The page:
This week, St. Petersburg, Pinellas County, Tampa, and Hillsborough County voted in favor of the Tampa Bay High Speed Ferry Project’s pilot program. The approved project will begin its six-month trial run in November, and commuter participation in the project will determine if ferries can be a viable method of travel between the bay area’s biggest cities — and, perhaps, reduce traffic accidents.
Connecting Downtown St. Petersburg and Downtown Tampa
The Tampa Bay High Speed Ferry Project was conceived as an alternate mode of transportation between the downtown areas of Tampa Bay’s largest cities, St. Petersburg and Tampa, which are often plagued with bumper-to-bumper bay area traffic.
St. Pete resident Angela Cieplevizz told ABC Action News that commute times are long.
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“There’s only one or two ways to get into Tampa,” she said.
This ferry will soon be another option for locals to consider when traveling between the two downtown areas, as The Tampa Bay High Speed Ferry will get travelers to their destination in under an hour by cutting across the bay. Officials hope this new mode of transportation will improve Tampa Bay’s long-term economic future. However, this project has the potential to do more than bring an economic boon to the Tampa Bay area; the ferry could also potentially lower the number of dangerous traffic accidents in the area as well, some say.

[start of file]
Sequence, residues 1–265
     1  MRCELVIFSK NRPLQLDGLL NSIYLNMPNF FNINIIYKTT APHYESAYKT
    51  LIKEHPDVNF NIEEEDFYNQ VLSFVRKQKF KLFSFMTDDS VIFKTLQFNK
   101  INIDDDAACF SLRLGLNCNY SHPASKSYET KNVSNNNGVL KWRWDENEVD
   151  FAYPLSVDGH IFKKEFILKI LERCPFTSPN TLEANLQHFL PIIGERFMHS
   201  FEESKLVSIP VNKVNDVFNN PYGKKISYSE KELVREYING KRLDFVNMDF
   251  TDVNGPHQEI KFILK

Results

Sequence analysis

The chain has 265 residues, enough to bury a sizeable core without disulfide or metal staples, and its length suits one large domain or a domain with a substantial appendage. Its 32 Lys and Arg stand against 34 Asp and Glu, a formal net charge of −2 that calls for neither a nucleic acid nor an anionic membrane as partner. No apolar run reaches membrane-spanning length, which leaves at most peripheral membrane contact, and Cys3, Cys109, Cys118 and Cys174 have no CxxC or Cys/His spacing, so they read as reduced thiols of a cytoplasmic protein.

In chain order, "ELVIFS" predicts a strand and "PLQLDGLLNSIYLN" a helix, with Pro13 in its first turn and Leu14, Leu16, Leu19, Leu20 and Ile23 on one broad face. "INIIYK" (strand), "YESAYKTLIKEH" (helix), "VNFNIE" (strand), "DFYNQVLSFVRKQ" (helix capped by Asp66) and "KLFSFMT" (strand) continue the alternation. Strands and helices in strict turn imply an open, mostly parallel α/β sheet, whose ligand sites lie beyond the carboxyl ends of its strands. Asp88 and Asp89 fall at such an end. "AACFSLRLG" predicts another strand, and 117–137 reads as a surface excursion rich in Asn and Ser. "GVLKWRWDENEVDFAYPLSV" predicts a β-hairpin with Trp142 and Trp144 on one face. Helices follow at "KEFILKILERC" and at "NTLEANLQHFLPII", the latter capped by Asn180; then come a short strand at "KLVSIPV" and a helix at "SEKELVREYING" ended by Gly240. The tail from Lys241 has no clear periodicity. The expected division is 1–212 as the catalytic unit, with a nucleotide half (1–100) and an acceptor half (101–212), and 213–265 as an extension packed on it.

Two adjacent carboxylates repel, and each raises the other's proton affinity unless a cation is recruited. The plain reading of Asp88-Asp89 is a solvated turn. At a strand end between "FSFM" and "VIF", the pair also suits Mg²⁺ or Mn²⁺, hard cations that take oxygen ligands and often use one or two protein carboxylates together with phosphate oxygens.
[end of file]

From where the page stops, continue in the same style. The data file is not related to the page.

How the Ferry Could Reduce Traffic Accidents
The Tampa Bay High Speed Project hopes to cater to two groups of Tampa Bay locals: Those who want a quicker, alternative commute that avoids the busy roads on weekdays, and people looking to wine-and-dine responsibly in St. Pete and Tampa’s downtown area on the weekend.
The Tampa metro area has one of the highest rates of fatal car accidents in the country, according to a study by the Centers for Disease Control and Prevention. By reducing the heavy traffic that goes between St. Petersburg and Tampa, the ferry could potentially lower car accident injuries and deaths during commuter rush hour.
The ferry could also lower injuries and deaths that occur as a result of drunken driving — something that is prevalent in Hillsborough County. In Tampa, water taxis are often packed with people looking to bar-hop or sight-see along the Hillsborough River, according to the Tampa Bay Times. The ferry could fill a similar demand, for people who want to drink and dine downtown without risk.
Proposed Ferry Fares
However, the ability for the Tampa High Speed Project to lower accidents in the area largely depends on participation. For locals to use the ferry, they must find it cost effective. The exact fare of the ferry is still being determined, but community leaders predict it will be up to $20 roundtrip. While a higher fare may be worth it for those using the ferry as a safe way to get between the two cities for a night on the town, it might not be cost-effective for daily commuters.
Officials are debating a lower fare for commuters, potentially as low as $5 each way during typical commuting times. St. Pete City Council Member Darden Rice recommended a reduced fare for “frequent fliers,” such as commuters, to provide a greater incentive for commuters to ditch their cars and rely on the ferry to get to work. Otherwise, commuters may find their cars more cost effective, undermining the purpose of the ferry project.
The full extent of the ferry’s viability as an alternate mode of transportation will only be seen once the six-month pilot program is complete, but officials and locals alike hope the ferry can both help reduce traffic and accidents on the road and bring greater economic development to Tampa Bay.
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